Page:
Despite rising inflation and the end of both the furlough scheme and stamp duty holiday, UK house price growth continues to deny economic gravity as we head into the festive period. However, what goes up must surely come down - eventually.
The latest market analysis from Knight Frank shows that a combination of rising interest rates and a much-needed increase in housing supply are the likely culprits to end the seemingly never-ending streak of stronger than usual house price growth.
Nationwide reported that the average UK price exceeded £250,000 in October for the first time. Indeed, new analysis shows the total value of the housing stock in England and Wales was £7.68 trillion in July 2021, which was an uplift of £720 billion from March 2020, when the total value was £6.96 trillion. The study, which puts a number on the total value of all private housing, factors in exchange prices as well as changes to house prices. A higher overall figure can reflect a larger number of households in a given local authority as well as higher-value properties.
The combined housing stock in the top ten local authorities by value also broke through the trillion-pound barrier over the course of the pandemic, rising to £1.007 trillion from £978 billion. However, there were not increases everywhere.
The highest total in July this year was £157.8 billion in the central London borough of Westminster, which was down by 10.1% from March 2020. The decline was the highest in England and Wales but is understandable given the area’s high proportion of flats and the fact fewer international buyers were able to travel to the UK.
However, it was one of only three local authorities in England and Wales that saw the value of its housing stock fall over the period, together with Lambeth (-2.2%) and Wandsworth (-1.1%).
There were other interesting changes in the top ten most valuable areas over the course of the pandemic. Cornwall leapfrogged Richmond-Upon-Thames into eighth place while Leeds replaced Ealing at number ten. Both changes can be explained by the growing demand for space and we have previously explored how Yorkshire, in particular, has benefitted from this trend.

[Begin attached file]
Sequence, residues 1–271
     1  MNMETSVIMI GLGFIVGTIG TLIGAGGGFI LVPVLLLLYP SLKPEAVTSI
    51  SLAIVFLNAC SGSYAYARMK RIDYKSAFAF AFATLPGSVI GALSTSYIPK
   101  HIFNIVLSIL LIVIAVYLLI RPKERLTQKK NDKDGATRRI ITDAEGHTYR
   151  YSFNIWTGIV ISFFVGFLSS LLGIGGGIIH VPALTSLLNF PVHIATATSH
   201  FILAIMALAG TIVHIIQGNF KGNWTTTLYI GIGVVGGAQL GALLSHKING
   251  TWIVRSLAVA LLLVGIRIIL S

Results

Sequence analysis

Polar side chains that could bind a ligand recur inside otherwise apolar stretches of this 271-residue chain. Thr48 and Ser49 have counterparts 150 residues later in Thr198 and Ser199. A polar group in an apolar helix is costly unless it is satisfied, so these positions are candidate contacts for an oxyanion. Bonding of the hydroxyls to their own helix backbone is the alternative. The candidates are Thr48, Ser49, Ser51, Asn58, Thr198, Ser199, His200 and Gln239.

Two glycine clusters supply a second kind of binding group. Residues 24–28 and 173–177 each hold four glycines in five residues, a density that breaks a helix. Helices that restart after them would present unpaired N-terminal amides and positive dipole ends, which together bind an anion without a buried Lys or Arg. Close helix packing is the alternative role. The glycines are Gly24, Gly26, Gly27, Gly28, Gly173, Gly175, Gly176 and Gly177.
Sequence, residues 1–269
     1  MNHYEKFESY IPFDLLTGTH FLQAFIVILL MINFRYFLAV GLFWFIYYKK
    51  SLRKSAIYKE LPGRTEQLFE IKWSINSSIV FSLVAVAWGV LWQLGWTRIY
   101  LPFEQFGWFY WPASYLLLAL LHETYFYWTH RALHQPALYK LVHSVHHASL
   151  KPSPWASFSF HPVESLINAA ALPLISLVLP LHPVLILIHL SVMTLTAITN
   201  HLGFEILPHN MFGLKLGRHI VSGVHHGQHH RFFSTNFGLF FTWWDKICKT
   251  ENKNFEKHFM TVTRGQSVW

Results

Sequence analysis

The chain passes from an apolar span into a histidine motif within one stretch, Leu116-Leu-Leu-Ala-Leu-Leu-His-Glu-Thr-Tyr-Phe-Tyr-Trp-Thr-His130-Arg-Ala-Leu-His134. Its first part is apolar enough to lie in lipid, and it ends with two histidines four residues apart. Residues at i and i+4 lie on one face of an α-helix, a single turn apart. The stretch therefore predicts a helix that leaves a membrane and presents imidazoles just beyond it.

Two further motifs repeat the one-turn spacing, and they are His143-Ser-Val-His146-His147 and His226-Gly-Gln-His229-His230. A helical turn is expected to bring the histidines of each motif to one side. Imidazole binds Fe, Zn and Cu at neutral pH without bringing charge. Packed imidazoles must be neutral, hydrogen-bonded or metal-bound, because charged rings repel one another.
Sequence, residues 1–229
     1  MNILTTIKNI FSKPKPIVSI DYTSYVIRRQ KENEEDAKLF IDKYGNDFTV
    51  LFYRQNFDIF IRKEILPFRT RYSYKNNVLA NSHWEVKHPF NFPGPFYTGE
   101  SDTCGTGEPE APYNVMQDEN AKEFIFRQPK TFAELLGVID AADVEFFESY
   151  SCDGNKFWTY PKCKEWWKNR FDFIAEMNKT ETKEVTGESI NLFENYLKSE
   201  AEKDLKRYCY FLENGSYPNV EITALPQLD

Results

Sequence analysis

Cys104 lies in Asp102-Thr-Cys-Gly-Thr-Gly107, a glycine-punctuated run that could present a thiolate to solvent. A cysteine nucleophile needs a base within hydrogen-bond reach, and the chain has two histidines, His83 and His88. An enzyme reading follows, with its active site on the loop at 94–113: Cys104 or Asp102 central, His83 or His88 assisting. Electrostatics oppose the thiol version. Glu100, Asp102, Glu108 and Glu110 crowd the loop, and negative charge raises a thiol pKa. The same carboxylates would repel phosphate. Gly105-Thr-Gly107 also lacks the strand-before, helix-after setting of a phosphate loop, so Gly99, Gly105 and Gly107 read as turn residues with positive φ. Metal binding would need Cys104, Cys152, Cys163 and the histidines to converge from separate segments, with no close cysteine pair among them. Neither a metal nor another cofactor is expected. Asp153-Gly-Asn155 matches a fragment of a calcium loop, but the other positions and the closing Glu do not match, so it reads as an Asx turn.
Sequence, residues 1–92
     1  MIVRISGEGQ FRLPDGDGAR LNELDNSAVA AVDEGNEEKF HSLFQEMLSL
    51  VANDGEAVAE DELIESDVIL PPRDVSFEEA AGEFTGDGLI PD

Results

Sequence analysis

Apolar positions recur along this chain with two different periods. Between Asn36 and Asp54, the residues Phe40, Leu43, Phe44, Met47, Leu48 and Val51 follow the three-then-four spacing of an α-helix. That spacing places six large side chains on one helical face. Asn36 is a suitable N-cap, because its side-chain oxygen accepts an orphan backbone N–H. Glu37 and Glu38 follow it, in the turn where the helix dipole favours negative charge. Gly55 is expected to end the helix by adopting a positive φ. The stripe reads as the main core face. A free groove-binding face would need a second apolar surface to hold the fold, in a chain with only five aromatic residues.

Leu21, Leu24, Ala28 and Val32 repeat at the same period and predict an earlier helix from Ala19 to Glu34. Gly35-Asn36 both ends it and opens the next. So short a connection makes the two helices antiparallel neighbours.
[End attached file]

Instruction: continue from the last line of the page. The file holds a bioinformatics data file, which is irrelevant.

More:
The top three largest increases over the period were all in northwest England: Rossendale (24.2%), Wirral (21.6%) and Liverpool (21.6%).
Two things will curtail this strong level of growth. The first is rising interest rates. Last week, the Bank of England held the base rate at 0.1% but a rise is clearly coming.
However, it would be wrong to overstate the short-term impact on the UK housing market. Rates were 0.75% before Covid struck and any effect is likely to be limited while rates remain below this level. What’s different between now and early 2020 is the presence of inflationary pressures, which may cause demand to start fraying around the edges depending on how elastic the definition of “transitory” becomes. Longer-term, there will need to be a readjustment as rates normalise, a process that has been delayed by the pandemic.
Over 3.5 million first-time buyer mortgages have been issued since the base rate dropped to 0.5% in March 2009. That is a large group of homeowners who don’t know what it’s like when interest payments rise meaningfully.
The other thing to watch closely is supply, which will put downwards pressure on prices as it increases. The housing market is famously seasonal, so can we tell yet what is likely to happen next spring?
James Cleland, head of Knight Frank’s Country business, says owners are already positioning themselves for 2022: “We are starting to see a notable increase in the number of owners contacting us with a view to listing their property next spring. For shrewd sellers, the best time to put their property on the market is likely to actually be January when there are a large number of buyers around.”
It’s a reasonable assumption, therefore, that fewer parts of the country will be experiencing double-digit house price growth this time next year.